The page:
Usdaw is concerned about:
Paddy Lillis – Usdaw General Secretary says:
- Accessibility of courses for those without level two qualifications, because 16% of adults have qualifications below level one and many have no qualifications at all.
- Adults from poorer backgrounds and in low-paid jobs being fearful of committing to a 4-year programme of loans and debt as part of the Government’s ‘Lifelong Learning Loan’ entitlement.
- Another employer-led scheme that will continue the decline in employer investment in skills training, as demonstrated by £330 million returned to the Treasury by employers from the Government’s failed apprenticeship scheme.
“The Government is squandering an opportunity to invest meaningfully in individuals and the country’s future. This mishmash of proposals will not ‘level up’, but merely widen the division between those with skills and opportunity and those without. The reliance on loans is particularly damaging for those who are already struggling to make ends meet. Insecure work means many are fearful of being saddled with an unmanageable debt, should they lose their job.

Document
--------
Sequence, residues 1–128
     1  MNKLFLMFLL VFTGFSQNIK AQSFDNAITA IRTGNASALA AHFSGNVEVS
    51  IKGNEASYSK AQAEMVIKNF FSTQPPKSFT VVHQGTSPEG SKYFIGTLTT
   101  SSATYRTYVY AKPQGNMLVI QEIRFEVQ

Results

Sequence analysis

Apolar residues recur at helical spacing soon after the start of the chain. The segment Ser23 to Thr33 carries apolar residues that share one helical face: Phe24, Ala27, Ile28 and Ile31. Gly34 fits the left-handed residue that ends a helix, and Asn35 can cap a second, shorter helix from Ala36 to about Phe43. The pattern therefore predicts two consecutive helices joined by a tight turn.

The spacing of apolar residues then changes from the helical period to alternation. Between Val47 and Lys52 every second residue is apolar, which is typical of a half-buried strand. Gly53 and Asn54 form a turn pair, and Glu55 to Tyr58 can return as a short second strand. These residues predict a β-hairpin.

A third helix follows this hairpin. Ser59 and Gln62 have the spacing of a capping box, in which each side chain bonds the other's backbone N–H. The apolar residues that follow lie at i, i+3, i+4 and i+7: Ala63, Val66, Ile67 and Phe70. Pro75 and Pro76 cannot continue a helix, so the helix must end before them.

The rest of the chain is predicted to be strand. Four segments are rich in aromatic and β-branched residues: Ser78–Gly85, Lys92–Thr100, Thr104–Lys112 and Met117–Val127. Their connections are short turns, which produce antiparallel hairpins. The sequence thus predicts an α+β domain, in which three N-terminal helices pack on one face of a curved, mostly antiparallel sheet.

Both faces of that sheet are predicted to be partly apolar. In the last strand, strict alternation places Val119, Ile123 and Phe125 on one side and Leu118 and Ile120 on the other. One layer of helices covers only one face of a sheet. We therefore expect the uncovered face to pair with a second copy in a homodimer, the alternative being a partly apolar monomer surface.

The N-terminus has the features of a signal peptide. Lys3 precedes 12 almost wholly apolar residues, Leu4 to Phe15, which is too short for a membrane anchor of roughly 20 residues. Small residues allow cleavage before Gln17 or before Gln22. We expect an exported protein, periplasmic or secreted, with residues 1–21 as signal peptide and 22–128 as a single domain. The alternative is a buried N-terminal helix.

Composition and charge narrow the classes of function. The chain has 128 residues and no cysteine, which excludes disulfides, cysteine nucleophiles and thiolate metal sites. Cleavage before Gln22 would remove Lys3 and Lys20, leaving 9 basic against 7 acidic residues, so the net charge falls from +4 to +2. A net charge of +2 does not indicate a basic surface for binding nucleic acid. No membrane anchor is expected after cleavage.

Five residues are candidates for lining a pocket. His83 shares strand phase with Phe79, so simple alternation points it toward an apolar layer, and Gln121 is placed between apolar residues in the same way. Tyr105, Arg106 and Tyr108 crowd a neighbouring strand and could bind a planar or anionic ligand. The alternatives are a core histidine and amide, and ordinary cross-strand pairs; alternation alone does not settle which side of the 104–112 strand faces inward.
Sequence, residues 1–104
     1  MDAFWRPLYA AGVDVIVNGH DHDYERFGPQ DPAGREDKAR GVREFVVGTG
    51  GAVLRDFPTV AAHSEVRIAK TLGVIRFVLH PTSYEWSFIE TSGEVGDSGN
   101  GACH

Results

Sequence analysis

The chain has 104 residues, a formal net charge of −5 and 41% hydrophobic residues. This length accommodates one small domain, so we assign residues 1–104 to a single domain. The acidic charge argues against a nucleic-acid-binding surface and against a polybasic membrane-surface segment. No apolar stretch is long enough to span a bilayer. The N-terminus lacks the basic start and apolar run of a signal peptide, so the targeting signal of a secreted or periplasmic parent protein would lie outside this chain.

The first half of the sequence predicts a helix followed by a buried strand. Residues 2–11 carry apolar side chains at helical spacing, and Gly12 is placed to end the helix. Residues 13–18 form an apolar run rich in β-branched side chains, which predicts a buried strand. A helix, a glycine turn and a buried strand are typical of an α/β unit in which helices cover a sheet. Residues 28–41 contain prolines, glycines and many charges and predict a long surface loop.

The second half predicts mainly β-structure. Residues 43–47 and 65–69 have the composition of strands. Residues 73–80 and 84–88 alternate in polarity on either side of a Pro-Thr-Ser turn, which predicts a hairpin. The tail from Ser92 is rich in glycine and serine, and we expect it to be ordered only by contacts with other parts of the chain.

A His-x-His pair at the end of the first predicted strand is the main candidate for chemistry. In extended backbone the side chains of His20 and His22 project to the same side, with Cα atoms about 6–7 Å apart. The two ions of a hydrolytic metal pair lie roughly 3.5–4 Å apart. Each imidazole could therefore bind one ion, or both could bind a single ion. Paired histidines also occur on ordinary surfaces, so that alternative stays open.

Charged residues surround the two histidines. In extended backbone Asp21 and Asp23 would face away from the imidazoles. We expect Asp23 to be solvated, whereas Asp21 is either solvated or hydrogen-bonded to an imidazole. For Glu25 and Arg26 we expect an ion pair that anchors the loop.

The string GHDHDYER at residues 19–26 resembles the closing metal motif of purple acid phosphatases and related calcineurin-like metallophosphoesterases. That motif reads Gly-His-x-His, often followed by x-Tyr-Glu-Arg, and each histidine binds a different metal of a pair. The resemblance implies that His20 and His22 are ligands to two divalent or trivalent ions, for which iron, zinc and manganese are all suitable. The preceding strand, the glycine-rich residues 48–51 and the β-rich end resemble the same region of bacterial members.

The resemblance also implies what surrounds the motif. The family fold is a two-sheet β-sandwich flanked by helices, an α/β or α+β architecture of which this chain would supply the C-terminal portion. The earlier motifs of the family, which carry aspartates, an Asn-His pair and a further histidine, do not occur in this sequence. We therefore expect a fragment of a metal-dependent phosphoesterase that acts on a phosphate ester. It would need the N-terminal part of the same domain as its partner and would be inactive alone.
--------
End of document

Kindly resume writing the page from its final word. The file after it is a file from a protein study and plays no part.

“The Government wrongly scrapped the successful Union Learning Fund, despite our opposition, which fundamentally addressed these issues directly engaging, supporting and enabling workers to level up. They are continuing to ignore the importance of union supported workplace learning as a proven way of engagement in skills training and reaching the workers others do not. Instead the Government has yet again chosen an employer-led offer, which has continually failed to address the issue of engagement. Under this Government, investment in workplace training by employers has crumbled not increased. The 2019 Employer Skill Survey reports the largest decline in employer investment in training since reports were first published.
“Making employers the gatekeepers for learning will not engage those without qualifications. The Government needs to work with trade unions if they want to seriously engage those most in need of upskilling. Also provide a fully funded lifelong learning programme, not a loan scheme that low-income and low-skilled workers cannot afford.”
Notes for editors:
Usdaw (Union of Shop, Distributive and Allied Workers)
is the UK's fifth biggest trade union with over 400,000 members. Membership has increased by more than one-third over the last couple of decades. Most Usdaw members work in the retail sector, but the union also has many members in transport, distribution, food manufacturing, chemicals and other trades.
For Usdaw press releases visit: http://www.usdaw.org.uk/news
and you can follow us on Twitter @UsdawUnion